I find this quite an interesting response. He seems to be expecting reverse engineering attempts, I don’t think there is any doubt that this would happen once the E-Cat is available in the marketplace. It seems that Rossi believes that at least some of his vocal critics are in fact competitors who are waiting to copy the E-Cat when it is available, so until mass production is in place, it appears that only custom plants over which Leonardo has close control will be put into the marketplace. I suppose that they will take great pains to make sure the proprietary parts of the plants will be inaccessible to the customers.
After the lengthy litigation process he has just gone through with Industrial Heat, Rossi is clearly not wanting to count on legal recourse to protect himself from competitors. The bigger the stakes, the longer and more expensive legal cases would be, and I am sure that Rossi would far rather put all his time, energy and resources into developing the E-Cat than in fighting for it in court.
As far as the timing for mass production, Rossi has said recently he thinks it will happen in 2018, but he will certainly need lots of financial support to make that happen.
I found this comment from Andrea Rossi on the Journal of Nuclear Physics interesting today:
August 28, 2017 at 7:24 AM
We are continuing to work very well. Now the control system is final.
I followed up with a question and got a response:
August 28, 2017 at 7:53 AM
With the control system now final, are you able to move beyond the R&D phase to begin the industrialization process of the E-Cat QX?
August 28, 2017 at 8:21 AM
The answer to this question is very complex. I can say that we are resolving problems, also for what concerns the partnerships necessary for the financial issues bound to the industrialization.
Basically, we are very close to Sigma 5 level of reliablity of the basic module and putting modules in parallel we can reach any power.
Hard work is on course. Our Team is getting greater by the day. As Maurizio Crozza says: ” We are not sharpening the tips of the Pyramids”.
From Rossi’s response here, it seems that not only is the technical development going well, but also the financing. I would imagine that for Rossi, the latter is going to be more difficult. When working in his lab, he has control over what goes on, but as we have seen in the IH relationship, business can be more of a challenge than science and technology. Of course both need to be in place before any serious commercial production can begin. As usual, there is very little detail provided, so it’s hard to evaluate the state of things. Still, from what I have heard, the planned demonstration is still going ahead in the latter part of November, so that may turn out to be the kickoff event that will set the larger commercialization into motion.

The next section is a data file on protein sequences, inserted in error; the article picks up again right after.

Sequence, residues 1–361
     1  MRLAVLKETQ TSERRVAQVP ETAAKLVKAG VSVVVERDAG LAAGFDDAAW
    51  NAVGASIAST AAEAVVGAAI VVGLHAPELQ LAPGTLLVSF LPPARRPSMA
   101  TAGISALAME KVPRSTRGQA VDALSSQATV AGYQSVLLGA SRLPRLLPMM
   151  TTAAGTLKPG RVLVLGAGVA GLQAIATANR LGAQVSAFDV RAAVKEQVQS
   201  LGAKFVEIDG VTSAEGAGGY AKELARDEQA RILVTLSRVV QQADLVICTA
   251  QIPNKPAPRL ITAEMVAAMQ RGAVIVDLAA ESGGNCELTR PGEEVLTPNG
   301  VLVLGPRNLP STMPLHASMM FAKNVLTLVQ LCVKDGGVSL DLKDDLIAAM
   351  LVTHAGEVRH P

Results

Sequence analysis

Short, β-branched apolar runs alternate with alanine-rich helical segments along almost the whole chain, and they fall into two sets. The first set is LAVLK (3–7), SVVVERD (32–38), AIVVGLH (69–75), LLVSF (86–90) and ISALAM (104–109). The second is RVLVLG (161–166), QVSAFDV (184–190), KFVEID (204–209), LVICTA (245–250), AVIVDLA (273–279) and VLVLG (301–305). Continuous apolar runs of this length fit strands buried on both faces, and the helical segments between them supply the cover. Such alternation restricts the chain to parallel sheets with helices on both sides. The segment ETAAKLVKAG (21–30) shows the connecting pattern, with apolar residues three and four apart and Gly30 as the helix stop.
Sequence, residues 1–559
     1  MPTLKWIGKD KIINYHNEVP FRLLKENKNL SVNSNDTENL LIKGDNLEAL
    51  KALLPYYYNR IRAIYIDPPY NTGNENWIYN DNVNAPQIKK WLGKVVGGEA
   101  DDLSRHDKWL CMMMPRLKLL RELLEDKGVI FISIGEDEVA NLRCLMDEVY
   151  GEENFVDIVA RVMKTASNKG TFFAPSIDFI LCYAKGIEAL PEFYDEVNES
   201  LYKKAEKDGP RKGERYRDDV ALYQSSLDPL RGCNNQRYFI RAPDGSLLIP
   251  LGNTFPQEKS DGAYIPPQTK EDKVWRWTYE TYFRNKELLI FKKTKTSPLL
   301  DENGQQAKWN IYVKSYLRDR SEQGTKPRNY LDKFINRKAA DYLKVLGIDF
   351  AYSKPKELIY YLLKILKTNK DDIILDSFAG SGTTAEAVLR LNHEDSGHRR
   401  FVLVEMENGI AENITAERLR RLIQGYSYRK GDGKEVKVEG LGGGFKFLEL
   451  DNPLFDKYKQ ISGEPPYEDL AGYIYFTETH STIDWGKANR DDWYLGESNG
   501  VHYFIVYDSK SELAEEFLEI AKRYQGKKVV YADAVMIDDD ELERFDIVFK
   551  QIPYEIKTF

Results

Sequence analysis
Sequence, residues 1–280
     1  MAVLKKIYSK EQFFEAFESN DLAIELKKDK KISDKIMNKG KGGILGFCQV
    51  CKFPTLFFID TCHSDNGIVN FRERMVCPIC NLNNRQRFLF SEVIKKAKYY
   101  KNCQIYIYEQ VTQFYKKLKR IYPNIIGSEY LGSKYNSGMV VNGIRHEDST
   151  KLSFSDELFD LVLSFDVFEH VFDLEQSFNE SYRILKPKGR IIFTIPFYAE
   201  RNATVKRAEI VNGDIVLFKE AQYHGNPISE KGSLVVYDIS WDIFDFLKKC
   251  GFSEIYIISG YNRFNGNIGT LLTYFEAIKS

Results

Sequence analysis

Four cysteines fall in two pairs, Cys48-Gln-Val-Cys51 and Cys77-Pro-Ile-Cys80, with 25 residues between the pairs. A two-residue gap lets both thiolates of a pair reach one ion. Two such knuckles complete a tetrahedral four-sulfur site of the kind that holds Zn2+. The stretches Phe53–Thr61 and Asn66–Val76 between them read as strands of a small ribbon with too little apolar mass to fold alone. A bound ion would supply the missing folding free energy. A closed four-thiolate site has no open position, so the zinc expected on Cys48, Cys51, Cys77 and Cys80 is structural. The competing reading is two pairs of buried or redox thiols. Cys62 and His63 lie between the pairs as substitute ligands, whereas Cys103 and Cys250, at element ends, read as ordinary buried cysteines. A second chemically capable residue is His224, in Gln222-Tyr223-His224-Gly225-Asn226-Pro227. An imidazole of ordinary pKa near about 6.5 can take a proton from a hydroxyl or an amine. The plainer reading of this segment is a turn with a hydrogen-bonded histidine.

Thanks to Michelangelo de Meo for posting a link on the Journal of Nuclear Physics to a new paper published in the Physics of Plasma journal titled “Evidence of nuclear fusion neutrons in an extremely small plasma focus device operating at 0.1 Joules”. Authors are Leopoldo Soto, Cristián Pavéz José, Moreno, Luis Altamirano, Luis Huerta, Mario Barbaglia, Alejandro Clausse, and Roberto E. Mayer, from Chile and Argentina.
Here’s the abstract:
“We report on D-D fusion neutron emission in a plasma device with an energy input of only 0.1 J, within a range where fusion events have been considered very improbable. The results presented here are the consequence of scaling rules we have derived, thus being the key point to assure the same energy density plasma in smaller devices than in large machines. The Nanofocus (NF)—our device—was designed and constructed at the P4 Lab of the Chilean Nuclear Energy Commission. Two sets of independent measurements, with different instrumentation, were made at two laboratories, in Chile and Argentina. The neutron events observed are 20σ greater than the background. The NF plasma is produced from a pulsed electrical discharge using a submillimetric anode, in a deuterium atmosphere, showing empirically that it is, in fact, possible to heat and compress the plasma. The strong evidence presented here stretches the limits beyond what was expected. A thorough understanding of this could possibly tell us where the theoretical limits actually lie, beyond conjectures. Notwithstanding, a window is thus open for low cost endeavours for basic fusion research. In addition, the development of small, portable, safe nonradioactive neutron sources becomes a feasible issue.” (Emphasis added)